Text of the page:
Political Notebook


GOP mayoral hopefuls neighbors

Any primary battle can be tough on a political party. In Fort Wayne, Republican family fights for the mayoral nomination have been especially difficult in recent history.

But next year’s race between City Councilwoman Liz Brown and County Councilwoman Paula Hughes has a new twist: They are neighbors.

Not just live-in-the-same-neighborhood neighbors. They share a property line on Reed Road.

Hughes and Brown both downplayed the effect of living next to each other on the race, but both accepted the uniqueness of it.

“Clearly we’re not bosom buddies,” Hughes said. “(But) we’ve always had a very cordial relationship.”

Brown said the two have discussed their campaigns.

“We obviously feel we would do a good job,” she said.

Whether seeing each other on a regular basis in their personal lives will make life awkward during the campaign has yet to be seen. But it’s likely to be an interesting race to see who can garner neighborly support.

“I’ve already got that nailed,” Hughes said.

Businessman Eric Doden has created an exploratory committee to seek the GOP nomination as well. He does not live on Reed, but his home is in northeast Fort Wayne as well.

Brotherly love

If only U.S. Rep. Marlin Stutzman, R-3rd, had waited a little bit longer to be a congressman – then the name of his sister’s new children’s book would be dead-on.

Stutzman – now a former state senator – came to Shipshewana on Saturday to celebrate the launch of the book, titled “My Brother, the Senator.”

Lynette Stutzman Carpenter’s website touts the book as one little sister’s lament about growing up with a senator and not even knowing it.

“You just never know who’s sleeping down the hall!” said a Facebook invitation about the book-signing event. “The book is a fun way to help kids dream big and to love and respect their siblings.”

Carpenter grew up on a dairy farm with her three brothers, including Stutzman, and she wrote the book as a birthday gift to him. She now lives with her husband and four children in Michigan.

If you are interested in buying the book, go to www.lynettecarpenter.blogspot.com/.

Bender return OKd

Fort Wayne City Council President Marty Bender’s quick return to the council table after being hospitalized was fine with Police Chief Rusty York, even though it technically broke the department’s sick-leave policy.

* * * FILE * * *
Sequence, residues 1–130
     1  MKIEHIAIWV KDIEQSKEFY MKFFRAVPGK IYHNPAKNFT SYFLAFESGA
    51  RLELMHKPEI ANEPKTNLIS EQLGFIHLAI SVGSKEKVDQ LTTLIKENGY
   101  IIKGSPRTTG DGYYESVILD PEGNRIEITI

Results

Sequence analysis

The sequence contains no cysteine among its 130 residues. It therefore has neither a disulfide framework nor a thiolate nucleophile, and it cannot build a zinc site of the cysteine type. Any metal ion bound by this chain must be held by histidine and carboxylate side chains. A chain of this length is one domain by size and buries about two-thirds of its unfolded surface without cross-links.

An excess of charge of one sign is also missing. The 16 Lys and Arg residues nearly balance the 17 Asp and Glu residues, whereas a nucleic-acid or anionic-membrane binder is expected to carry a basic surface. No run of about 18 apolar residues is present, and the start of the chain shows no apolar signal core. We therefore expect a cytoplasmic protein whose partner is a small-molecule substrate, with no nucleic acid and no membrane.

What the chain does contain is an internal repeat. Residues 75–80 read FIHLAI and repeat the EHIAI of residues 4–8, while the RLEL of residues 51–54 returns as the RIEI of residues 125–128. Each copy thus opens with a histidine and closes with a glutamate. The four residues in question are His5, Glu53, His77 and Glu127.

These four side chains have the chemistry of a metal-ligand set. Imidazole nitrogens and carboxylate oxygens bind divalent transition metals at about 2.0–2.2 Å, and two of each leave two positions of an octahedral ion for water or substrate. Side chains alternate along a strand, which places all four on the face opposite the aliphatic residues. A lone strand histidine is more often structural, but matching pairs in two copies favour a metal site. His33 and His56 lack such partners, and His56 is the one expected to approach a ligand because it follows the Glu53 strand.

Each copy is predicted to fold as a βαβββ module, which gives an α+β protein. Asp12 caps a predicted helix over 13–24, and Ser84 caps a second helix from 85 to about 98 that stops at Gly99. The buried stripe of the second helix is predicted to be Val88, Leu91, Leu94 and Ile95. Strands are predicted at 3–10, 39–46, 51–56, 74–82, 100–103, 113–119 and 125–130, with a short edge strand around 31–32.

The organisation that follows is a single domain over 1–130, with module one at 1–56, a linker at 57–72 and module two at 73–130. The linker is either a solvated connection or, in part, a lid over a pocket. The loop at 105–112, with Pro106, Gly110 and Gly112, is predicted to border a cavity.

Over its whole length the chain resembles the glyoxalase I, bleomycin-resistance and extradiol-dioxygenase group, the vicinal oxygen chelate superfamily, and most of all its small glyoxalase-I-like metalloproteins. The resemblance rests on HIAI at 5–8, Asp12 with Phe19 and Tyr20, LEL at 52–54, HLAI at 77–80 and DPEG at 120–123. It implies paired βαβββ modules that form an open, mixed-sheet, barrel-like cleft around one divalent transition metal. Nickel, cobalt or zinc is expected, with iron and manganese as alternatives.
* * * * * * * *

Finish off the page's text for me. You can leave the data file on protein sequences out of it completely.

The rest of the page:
Police department policy does not allow officers to return to a part-time job before coming back to the force. Bender, a deputy police chief, returned to the council table before returning to his police duties after becoming ill in late October.

York said the issue was raised and discussed with the city attorney. He said they felt that because Bender’s part-time job as a councilman was a government position, it was fine for him to return to the council table.

“He was performing a service, in fact, as an elected official,” York said, noting Bender returned to vote on the 2011 budget.

The point of the policy is to keep officers from using sick time to earn money at second jobs, but York noted that Bender’s council position was salaried so he would be paid the same whether he was present or not. The chief also said exceptions are often made to the department’s leave policy for extenuating circumstances.

Recount vs. Colts

The Indiana Democratic Party took notice of the curious timing of a meeting of the Indiana Recount Commission set for today.

The commission will act on motions to dismiss contests in the House District 76 and secretary of state races.

But Indiana Secretary of State Todd Rokita set the meeting for a Sunday afternoon – about an hour before kickoff of a home Colts game. The hearing will be streamed online and open to the public.

“I thank Secretary Rokita for taking steps to ensure the hearing is open to the public and viewable through online streaming. However, the recount commission should represent the interests of the people above all else, and by holding this meeting at this time – an hour before the Indianapolis Colts game – the commission is doing a disservice to Hoosier voters,” Indiana Democratic Party Chairman Dan Parker said.

“Any meetings relating to the Indiana Recount Commission need to be as open and transparent as possible, and the timing of this hearing raises serious concerns. I hope the commission will take steps to ensure that future hearings be held at a more convenient time.”

Todd Darroca, spokesman for Rokita, said having the hearing on a Sunday should show Hoosiers that government doesn’t stop on the weekends.

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